Converted to an AP by the Puget Sound Shipbuilding and Dry Dock Co., and renamed USAT Pvt. Elden H. Johnson, October 31, 1947, she remained with the Army Transportation Service (ATS) until returned to the U.S. Maritime Commission, thence to the U.S. Navy, March 1, 1950.

Conversion to MSTS use

Designated AP–184, she joined the newly formed Military Sea Transportation Service (MSTS) and was assigned a civil service crew. As an MSTS vessel, she plied the same waters, Atlantic Ocean–Mediterranean–Adriatic Sea, as she had under ATS until mid-1951, when runs to Caribbean ports were added to her schedule.

Final decommissioning

As USNS Pvt. Elden H. Johnson (T-AP-184) she continued to serve the U.S. Navy until 1957. On December 27, she was transferred to the Maritime Administration's National Defense Reserve Fleet and her name was struck from the Navy List. Into 1970, she remained with the NDRF, berthed with the Hudson River group.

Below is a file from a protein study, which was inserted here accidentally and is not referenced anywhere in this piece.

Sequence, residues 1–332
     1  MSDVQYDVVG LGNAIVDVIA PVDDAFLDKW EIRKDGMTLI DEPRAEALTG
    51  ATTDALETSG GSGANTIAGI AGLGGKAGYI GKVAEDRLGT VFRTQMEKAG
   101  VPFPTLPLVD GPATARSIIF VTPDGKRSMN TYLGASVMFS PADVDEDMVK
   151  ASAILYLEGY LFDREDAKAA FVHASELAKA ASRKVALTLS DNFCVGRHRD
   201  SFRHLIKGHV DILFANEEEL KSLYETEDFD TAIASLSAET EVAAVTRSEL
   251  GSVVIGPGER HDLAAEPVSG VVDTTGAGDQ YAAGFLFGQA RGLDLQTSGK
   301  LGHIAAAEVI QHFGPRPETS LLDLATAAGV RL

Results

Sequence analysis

Final Disposition: scrapped in 1971

Honors and awards

USS Pinkney (APH–2) earned six battle stars during World War II:

Consolidation of Solomon Islands - Consolidation of southern Solomon Islands, February 8 to June 20, 1943
Western Caroline Islands operation - Capture and occupation of southern Palau Islands, September 15–20, 1944
Leyte operation - Leyte landings, San Pedro Bay, October 30 to November 3, 1944
Luzon operation - Lingayen Gulf landings, January 9 and February 2, 1945
Iwo Jima operation - Assault and occupation of Iwo Jima, February 24–26, 1945
Okinawa Gunto operation - Assault and occupation of Okinawa Gunto, April 1 to May 8, 1945

Qualified on-board personnel were authorized the following:

Combat Action Ribbon (retroactive April 28, 1945 – Okinawa)
American Campaign Medal
Asiatic-Pacific Campaign Medal (6)
World War II Victory Medal
Navy Occupation Service Medal (with Asia clasp)
Philippine Liberation Medal

Also awarded:

Purple Heart (18-KIA, April 28, 1945 – Okinawa)